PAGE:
Minimal Expanding Foam or Mortar?

Some of you may recall my question about repairing this crumbling block:
http://imageshack.us/photo/my-images/69/badcinder.jpg/
You'll note that there is an entry door to the right of the crumbling block.
I ended up replacing both the door (old wooden door with a rotting threshold) and the block.
In both the original installation and the new, there is a gap between the end of the block and the bottom foot or so of the door jam. If you look at the picture, that thin strip of material directly under the jack stud is a strip of mortar between the block and the old door jam.
There was a duplicate strip of mortar on the other side of the door which came out when the old door was removed. I now have to fill these gaps to finish sealing the door.
The left side gap is a little bit less than an inch wide and the right side is just under 2 inches. On the exterior side, there is a piece of aluminum flashing that is nailed to the brickmold with a flange that used to hide the original mortar strip. In other words, if you look through the gap between the block and the door jamb from the inside, you can see the "back" of the flange that used to be up against the wall.
My question: Should I mix up some mortar and use a mortar bag to squeeze mortar into the gaps or should I take the easy way out and just use minimal expanding foam? Eventually I plan to parge the block inside and out and I'm wondering if I can parge the foam on the interior also or will it always be visible?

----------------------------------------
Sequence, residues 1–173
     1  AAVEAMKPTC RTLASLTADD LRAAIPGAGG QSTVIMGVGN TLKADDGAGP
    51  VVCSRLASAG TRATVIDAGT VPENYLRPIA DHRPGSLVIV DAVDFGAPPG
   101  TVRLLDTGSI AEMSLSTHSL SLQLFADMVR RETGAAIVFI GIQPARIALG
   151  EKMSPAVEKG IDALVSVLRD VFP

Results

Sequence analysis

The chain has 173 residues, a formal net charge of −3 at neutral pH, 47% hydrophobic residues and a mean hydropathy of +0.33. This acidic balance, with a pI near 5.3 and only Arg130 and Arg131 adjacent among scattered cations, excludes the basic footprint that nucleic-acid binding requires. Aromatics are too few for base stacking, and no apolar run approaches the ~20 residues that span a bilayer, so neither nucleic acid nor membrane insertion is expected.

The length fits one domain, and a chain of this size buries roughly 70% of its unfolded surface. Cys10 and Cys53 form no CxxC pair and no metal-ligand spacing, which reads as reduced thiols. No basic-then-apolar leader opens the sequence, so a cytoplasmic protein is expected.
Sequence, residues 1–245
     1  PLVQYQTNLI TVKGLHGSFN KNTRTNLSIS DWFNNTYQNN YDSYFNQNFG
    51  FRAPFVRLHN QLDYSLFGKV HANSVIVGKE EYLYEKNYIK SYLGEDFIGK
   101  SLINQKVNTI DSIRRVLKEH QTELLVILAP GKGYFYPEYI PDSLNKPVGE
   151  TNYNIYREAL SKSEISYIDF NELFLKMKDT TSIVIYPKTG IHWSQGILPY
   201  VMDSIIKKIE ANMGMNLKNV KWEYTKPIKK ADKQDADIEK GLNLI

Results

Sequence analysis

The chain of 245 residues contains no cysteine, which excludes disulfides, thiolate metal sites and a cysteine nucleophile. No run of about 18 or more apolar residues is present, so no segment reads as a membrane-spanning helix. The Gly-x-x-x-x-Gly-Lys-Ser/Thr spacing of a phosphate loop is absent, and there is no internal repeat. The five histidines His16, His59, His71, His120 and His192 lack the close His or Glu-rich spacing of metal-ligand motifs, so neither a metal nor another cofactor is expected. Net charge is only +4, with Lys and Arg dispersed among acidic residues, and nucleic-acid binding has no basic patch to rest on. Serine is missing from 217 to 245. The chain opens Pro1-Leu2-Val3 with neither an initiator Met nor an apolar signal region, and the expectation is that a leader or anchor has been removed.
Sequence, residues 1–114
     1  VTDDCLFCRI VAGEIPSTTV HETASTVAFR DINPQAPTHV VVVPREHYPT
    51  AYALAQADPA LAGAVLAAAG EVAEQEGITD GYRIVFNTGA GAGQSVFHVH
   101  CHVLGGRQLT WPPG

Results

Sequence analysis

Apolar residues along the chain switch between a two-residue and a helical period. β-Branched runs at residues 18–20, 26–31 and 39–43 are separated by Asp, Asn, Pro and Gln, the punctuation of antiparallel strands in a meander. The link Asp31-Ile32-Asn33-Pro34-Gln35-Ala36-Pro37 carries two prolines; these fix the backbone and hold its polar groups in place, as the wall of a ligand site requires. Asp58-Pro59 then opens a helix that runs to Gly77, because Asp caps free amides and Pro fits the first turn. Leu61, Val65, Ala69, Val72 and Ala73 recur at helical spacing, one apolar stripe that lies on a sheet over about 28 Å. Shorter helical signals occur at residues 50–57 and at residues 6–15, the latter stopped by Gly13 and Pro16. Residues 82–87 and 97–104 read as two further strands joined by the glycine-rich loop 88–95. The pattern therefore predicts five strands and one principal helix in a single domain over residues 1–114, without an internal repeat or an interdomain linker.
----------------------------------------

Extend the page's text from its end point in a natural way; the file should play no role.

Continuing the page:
Thanks for any advice.
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DerbyDad03 wrote:

Since you eventually plan on parging the block anyway, my vote would be to fill the gaps now with mortar.
Expanding foam can be a mess to work with, and it can expand too much and can be a pain to trim.
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-snip-

I'd use that mortar/caulk in a tube, myself.

??? Especially someplace where it won't be seen, how hard is it to wait until it is cured and knock off the high spots with a dull knife, sharp knife, block of wood-- heel of your boot. . . .?
Jim
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wrote:

Multi purpose HF tool works for me. Wait a few days until sets up hard and then is easy to trim. I used the blue can of "Great Stuff" WW
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I "mortared" in a single concrete block with expanding foam a couple of years ago. Drain for a washing machine had been run through the block and it crumbled and had to be replaced. New block was cut on a masonry saw to allow the drain to pass through. We placed a couple of shims beneath the block and shot the spaces around it with "great stuff". Whether or not I would do the same again would depends on whether or not there was ever going to be any kind of stuctural load placed on it.
Jimmie
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DerbyDad03 wrote:

Personally, I'd use mortar. And I wouldn't mess with a mortar bag, just push it in with a putty/broad knife then slice/wipe off any excess.
--

dadiOH
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That's kind of where I was leaning. I can control the mortar a little better, especially on the exterior where the foam is going to try and squeeze out around the flashing.